Silently and sadly they filed past his bed, gazing upon the dying face which they had seen so bright and full of life a short time before. As most of the soldiers were older than their king, they had never expected to outlive him; and every one said that it was sad to die thus, at thirtythree, when master of nearly all the known world.

Just before he died, some one begged Alexander to name his successor. He hesitated for a moment, then drew his signet ring from his finger, gave it to Perdiccas, his principal general, and whispered that the strongest among them should have the throne.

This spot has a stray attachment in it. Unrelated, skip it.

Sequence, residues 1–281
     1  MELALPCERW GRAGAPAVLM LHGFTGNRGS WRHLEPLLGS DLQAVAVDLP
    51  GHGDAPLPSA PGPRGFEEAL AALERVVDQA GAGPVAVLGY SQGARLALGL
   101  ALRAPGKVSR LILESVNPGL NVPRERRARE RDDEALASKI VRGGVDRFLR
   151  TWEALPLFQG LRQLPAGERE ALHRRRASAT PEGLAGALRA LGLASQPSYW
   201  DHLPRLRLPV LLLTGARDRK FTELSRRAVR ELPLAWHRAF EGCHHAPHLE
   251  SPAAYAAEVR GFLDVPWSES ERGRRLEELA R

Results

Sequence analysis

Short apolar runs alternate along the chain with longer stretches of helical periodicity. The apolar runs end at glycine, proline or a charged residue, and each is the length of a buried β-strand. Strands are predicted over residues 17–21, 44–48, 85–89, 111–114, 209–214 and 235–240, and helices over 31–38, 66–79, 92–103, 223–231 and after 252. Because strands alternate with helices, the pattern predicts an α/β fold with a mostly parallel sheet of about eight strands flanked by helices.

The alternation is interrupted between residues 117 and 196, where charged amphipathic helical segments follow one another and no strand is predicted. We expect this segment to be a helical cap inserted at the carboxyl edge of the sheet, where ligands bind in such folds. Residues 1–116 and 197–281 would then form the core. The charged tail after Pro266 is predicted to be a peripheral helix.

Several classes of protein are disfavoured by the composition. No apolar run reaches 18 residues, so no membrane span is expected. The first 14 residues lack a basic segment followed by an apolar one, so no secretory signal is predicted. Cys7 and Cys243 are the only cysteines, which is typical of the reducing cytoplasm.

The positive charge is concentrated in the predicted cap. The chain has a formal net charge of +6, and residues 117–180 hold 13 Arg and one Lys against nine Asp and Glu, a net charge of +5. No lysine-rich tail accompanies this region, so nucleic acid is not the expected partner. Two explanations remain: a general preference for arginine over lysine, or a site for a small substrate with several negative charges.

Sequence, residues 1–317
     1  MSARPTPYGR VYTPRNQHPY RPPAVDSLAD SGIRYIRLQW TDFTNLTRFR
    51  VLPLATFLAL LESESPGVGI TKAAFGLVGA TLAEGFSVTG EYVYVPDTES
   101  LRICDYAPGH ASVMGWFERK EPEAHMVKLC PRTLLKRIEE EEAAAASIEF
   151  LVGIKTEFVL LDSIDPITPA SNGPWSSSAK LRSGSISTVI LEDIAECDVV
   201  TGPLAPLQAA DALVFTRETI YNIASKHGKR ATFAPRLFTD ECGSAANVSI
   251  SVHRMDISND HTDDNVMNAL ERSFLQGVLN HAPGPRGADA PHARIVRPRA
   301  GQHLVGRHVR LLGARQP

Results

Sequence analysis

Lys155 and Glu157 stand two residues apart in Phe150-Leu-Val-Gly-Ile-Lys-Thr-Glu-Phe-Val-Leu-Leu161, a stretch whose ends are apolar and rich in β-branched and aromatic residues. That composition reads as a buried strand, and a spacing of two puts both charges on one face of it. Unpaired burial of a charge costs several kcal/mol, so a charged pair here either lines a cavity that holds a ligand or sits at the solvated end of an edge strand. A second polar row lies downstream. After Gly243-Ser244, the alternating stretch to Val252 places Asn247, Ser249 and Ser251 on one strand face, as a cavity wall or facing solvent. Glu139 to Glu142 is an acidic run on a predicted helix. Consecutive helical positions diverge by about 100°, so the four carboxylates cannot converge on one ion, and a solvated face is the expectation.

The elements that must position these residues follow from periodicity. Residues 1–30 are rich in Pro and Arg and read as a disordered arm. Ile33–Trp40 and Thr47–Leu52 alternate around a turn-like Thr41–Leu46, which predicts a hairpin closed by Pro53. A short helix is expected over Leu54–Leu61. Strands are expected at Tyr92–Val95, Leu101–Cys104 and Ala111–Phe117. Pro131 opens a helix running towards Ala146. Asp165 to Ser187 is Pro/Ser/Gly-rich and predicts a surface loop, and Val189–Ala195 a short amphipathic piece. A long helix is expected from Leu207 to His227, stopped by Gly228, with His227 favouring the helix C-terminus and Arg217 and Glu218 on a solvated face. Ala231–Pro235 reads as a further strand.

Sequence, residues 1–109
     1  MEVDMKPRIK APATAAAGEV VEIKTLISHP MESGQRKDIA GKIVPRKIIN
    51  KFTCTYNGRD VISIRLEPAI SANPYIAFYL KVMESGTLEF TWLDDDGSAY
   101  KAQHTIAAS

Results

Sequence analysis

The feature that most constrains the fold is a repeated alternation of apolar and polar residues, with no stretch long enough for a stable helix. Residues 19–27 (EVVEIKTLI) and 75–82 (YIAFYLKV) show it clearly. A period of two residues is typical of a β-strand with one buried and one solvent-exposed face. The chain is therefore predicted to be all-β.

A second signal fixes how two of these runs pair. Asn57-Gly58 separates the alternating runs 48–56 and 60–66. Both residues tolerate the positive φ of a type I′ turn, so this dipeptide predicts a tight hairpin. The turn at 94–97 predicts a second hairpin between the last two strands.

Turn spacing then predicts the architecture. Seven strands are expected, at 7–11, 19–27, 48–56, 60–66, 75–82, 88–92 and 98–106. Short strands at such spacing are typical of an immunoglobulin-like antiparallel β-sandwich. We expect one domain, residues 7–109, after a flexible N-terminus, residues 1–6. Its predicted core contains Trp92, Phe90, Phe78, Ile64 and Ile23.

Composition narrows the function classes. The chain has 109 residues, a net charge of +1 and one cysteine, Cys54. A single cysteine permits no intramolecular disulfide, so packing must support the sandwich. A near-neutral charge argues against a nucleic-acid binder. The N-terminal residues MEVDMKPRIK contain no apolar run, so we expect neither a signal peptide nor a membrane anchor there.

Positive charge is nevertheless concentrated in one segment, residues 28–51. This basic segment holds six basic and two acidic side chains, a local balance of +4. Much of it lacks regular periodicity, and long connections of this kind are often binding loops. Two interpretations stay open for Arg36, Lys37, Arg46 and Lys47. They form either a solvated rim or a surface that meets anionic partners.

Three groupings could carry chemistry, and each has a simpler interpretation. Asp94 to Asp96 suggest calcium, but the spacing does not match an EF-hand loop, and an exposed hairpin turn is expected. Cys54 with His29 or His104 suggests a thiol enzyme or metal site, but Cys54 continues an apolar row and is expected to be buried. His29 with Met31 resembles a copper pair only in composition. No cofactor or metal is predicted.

Alexander’s death was mourned by all, for, in spite of his folly and excesses, he was generally beloved. Even Sisygambis, the Persian queen whom he had taken captive a few years before, shed many tears over his remains, and declared she had lost a protector who had always treated her as kindly as if he had been her own son.

The conqueror’s body was laid in a golden coffin, and carried in state to Alexandria, the city he had founded at the mouth of the Nile. Here a fine tomb was built by order of Ptolemy, one of Alexander’s generals, who said that his dead master also should be worshiped as a god.

Ptolemy wanted the body to remain in Egypt because an oracle had said that he who buried Alexander would be master of his kingdom.

From: H. A. Guerber, The Story of the Greeks; edited for this online publication, by ELLOPOS BLOG